Notre Dame professor denies offering abortion help to students following student paper report


A professor at Notre Dame University is denying a story from an independent student newspaper reporting that she advertised her willingness to help students obtain abortions and contraceptives.

Professor Tamara Kay, a sociology professor at the Keough School of Global Affairs at Notre Dame, had a sign on her office door that said she would provide “information on all healthcare issues and access — confidentially with care and compassion,” according to independent student newspaper The Irish Rover.

Kay also reportedly had the letter “J” on her door, which the Rover reported indicates faculty members who will help their students get Plan B, or the morning-after pill, and Plan C abortion pills, which induce an abortion up to 12 weeks of pregnancy. She also posted her email not affiliated with the school.

Kay told the student newspaper that her actions were done in her capacity as a private citizen and that the Roman Catholic university had given her permission.


The University of Notre Dame Campus with Golden Dome, Basilica of the Sacred Heart, and Washington Hall.

The University of Notre Dame Campus with Golden Dome, Basilica of the Sacred Heart, and Washington Hall.

After the Rover story broke last week, Kay tweeted: “The note on my door was not about abortion. And the university knows this, but neither they, nor I can comment on what happened to prompt it. I’ll say no more about that. But I do, of course, fully support abortion rights and the policy implications of abortion bans are horrific.”

“And so the rag that’s not part of ND, not a student pub, has no journalistic standards AND the few faculty who are likely manipulating the puppet strings behind the scenes got it ALL wrong & should ALL be ashamed & need to take some time to get that egg off their faces,” she added.

Kay has publicly advocated for abortion before, including in an op-ed for Salon last May in the lead-up to the Supreme Court overturning Roe.

“Forced pregnancy and childbirth is violence,” she wrote after the looming Supreme Court decision had leaked. She further warned that making abortion rights a state issue could potentially lead to women who have miscarriages and stillbirths being “prosecuted for murder.”

“This violence will happen regularly in the U.S. if the Supreme Court overturns Roe v. Wade,” Kay wrote.


The University of Notre Dame's Golden Dome on a fall Game Day before a football game.

The University of Notre Dame’s Golden Dome on a fall Game Day before a football game.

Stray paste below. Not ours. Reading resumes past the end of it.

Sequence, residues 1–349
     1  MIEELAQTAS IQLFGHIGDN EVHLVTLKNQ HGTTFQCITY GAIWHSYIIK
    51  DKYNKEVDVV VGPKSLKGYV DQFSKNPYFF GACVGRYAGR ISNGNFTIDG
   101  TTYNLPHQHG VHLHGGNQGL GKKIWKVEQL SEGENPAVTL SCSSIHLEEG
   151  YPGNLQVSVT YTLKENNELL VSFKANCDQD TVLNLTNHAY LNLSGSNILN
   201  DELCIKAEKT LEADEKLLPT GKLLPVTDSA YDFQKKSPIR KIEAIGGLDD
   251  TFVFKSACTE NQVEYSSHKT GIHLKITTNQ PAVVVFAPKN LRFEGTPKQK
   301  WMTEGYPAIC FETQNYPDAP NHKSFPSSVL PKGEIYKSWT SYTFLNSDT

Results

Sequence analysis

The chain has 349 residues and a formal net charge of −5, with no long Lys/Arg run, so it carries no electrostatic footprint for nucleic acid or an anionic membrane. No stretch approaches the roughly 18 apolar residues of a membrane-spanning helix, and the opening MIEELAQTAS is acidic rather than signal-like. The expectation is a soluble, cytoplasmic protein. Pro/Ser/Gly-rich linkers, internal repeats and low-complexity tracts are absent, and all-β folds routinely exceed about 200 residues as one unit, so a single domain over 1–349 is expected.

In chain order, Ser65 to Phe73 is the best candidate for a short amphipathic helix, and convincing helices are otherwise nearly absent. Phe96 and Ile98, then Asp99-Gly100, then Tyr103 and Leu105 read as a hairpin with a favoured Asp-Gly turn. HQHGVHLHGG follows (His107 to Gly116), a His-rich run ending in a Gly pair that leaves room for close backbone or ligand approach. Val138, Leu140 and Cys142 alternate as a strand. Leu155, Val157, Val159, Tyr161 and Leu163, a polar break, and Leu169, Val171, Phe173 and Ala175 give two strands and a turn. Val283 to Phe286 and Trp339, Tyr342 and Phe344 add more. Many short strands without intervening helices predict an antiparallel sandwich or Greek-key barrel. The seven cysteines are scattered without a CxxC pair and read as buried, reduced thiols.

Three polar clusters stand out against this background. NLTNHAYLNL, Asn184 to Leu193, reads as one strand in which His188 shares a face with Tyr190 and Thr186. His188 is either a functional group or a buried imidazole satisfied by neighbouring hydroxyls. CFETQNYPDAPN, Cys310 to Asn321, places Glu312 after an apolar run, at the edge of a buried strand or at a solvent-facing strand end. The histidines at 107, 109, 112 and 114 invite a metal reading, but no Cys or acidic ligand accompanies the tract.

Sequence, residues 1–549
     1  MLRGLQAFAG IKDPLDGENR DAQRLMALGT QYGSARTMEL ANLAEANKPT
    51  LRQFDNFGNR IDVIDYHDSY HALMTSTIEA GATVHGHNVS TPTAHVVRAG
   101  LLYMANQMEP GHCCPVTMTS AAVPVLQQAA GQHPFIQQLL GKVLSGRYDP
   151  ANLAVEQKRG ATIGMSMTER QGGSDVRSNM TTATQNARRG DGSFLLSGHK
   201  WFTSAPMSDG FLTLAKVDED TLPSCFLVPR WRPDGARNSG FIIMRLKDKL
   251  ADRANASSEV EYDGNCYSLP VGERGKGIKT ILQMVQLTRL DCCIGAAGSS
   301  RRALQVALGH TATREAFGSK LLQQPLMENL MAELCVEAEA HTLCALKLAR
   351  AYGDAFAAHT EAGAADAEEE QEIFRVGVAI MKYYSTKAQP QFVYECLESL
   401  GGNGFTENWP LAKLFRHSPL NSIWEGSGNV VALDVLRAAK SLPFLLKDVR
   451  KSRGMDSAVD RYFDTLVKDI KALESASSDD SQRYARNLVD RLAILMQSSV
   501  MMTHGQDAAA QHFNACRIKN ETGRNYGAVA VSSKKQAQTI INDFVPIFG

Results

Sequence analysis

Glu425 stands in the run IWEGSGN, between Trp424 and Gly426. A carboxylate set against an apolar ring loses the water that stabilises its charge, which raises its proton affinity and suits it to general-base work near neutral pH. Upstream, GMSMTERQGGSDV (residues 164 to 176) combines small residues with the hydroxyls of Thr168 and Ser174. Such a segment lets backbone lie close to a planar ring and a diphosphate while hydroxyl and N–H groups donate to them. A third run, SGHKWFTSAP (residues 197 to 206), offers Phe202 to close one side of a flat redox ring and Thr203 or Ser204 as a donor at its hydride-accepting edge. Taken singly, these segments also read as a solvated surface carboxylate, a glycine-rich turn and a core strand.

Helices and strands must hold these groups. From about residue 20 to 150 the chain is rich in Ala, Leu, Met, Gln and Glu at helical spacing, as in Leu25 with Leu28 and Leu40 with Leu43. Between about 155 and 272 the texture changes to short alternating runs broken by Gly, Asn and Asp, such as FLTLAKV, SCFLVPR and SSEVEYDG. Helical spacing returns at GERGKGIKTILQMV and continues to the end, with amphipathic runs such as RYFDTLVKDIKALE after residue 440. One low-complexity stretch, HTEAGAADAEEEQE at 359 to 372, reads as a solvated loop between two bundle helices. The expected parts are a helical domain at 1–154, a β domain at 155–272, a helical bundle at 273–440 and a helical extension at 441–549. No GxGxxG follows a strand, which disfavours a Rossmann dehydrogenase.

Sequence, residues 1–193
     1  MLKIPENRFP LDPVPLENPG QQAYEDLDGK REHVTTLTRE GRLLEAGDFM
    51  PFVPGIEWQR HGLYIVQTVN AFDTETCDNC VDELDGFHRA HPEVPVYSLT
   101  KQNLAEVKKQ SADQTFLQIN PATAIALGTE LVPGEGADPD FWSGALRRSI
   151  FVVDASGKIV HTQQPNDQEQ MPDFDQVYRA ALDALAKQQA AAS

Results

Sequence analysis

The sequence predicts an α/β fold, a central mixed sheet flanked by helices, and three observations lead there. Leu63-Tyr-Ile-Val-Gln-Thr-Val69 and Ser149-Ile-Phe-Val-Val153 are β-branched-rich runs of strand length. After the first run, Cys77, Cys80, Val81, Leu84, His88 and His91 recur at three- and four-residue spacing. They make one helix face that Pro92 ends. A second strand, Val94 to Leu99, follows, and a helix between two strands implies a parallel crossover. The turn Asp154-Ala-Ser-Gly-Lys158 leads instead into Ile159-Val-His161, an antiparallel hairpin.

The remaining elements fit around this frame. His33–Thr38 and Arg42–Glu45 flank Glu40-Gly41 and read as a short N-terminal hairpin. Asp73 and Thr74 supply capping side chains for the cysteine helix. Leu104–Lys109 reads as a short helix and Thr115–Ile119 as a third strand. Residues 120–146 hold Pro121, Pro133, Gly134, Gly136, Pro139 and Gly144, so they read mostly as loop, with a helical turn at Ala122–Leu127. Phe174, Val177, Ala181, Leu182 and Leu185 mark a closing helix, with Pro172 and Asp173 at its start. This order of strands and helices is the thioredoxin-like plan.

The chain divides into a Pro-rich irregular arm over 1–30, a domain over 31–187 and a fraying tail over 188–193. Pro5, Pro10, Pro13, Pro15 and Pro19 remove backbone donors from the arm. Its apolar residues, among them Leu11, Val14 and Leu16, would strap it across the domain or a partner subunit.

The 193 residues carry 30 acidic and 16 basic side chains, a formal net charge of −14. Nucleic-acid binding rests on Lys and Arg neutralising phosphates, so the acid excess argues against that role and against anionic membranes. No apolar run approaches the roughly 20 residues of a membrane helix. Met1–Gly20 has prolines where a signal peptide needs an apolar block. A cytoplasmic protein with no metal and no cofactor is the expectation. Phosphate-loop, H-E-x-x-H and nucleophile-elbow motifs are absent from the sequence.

During a September event at Notre Dame titled “Post-Roe America: Making Intersectional Feminist Sense of Abortion Bans,” Kay spent time “debunking some of those myths” about abortion and urged attendees to consider the “disproportionality” of abortion bans. 

Kay argued that abortion bans “disproportionately affect people in minority groups: black, indigenous, Latinx, LGBTQIA, those with few resources, those who are incarcerated, those in the military, those who are on campus, those who are immigrants, those who have disabilities and physical and mental health challenges, including substance use disorder.”


She reportedly admitted to The Irish Rover that her abortion views are not consistent with the teachings of the Catholic Church.

Pope Francis sits during a Mass marking the Roman Catholic Church's World Day of the Poor, at St. Peter's Basilica at the Vatican Sunday, Nov. 15, 2020.

Pope Francis sits during a Mass marking the Roman Catholic Church’s World Day of the Poor, at St. Peter’s Basilica at the Vatican Sunday, Nov. 15, 2020.
(Remo Casilli/Pool photo via AP)

“For me, abortion is a policy issue,” she told the independent outlet. “And yes, my view runs afoul of Church teaching, but in other areas, my positions are perfectly aligned [with the Church].”

The Catechism of the Catholic Church is opposed to abortion, teaching that “formal cooperation in an abortion constitutes a grave offense” and that anyone who obtains one is worthy of ex-communication.


Neither Kay nor Notre Dame University immediately responded to Fox News Digital’s request for comment.


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